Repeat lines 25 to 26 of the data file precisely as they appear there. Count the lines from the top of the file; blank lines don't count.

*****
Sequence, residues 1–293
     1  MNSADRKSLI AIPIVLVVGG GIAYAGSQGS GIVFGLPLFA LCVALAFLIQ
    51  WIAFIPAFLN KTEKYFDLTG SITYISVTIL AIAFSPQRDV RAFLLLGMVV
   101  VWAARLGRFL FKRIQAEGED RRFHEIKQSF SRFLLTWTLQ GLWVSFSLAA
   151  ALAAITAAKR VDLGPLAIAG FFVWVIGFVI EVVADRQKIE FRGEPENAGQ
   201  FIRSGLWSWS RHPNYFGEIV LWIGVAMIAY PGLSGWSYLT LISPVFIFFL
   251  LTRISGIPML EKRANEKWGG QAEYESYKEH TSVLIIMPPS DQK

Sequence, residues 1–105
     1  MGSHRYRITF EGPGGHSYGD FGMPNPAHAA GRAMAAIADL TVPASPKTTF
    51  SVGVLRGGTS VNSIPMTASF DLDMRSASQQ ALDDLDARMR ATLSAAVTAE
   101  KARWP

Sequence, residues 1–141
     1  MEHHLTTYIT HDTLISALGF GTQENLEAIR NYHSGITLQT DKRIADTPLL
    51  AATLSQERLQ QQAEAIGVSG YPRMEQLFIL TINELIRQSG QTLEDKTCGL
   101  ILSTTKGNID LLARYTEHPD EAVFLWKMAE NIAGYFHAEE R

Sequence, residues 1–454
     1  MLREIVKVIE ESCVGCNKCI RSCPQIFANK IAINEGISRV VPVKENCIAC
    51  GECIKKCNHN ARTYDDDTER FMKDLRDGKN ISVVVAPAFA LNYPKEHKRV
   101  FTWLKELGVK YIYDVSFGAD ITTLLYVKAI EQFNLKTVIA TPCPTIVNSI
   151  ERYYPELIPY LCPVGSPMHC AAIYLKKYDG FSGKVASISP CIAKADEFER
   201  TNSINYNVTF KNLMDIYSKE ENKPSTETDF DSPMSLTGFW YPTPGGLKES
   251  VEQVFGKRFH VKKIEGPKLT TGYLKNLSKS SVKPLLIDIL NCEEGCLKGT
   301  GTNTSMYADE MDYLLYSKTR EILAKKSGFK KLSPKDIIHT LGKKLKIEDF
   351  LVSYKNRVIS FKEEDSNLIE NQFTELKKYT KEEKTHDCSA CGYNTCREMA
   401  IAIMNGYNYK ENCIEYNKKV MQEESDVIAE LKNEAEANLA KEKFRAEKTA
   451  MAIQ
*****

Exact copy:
   401  IAIMNGYNYK ENCIEYNKKV MQEESDVIAE LKNEAEANLA KEKFRAEKTA
   451  MAIQ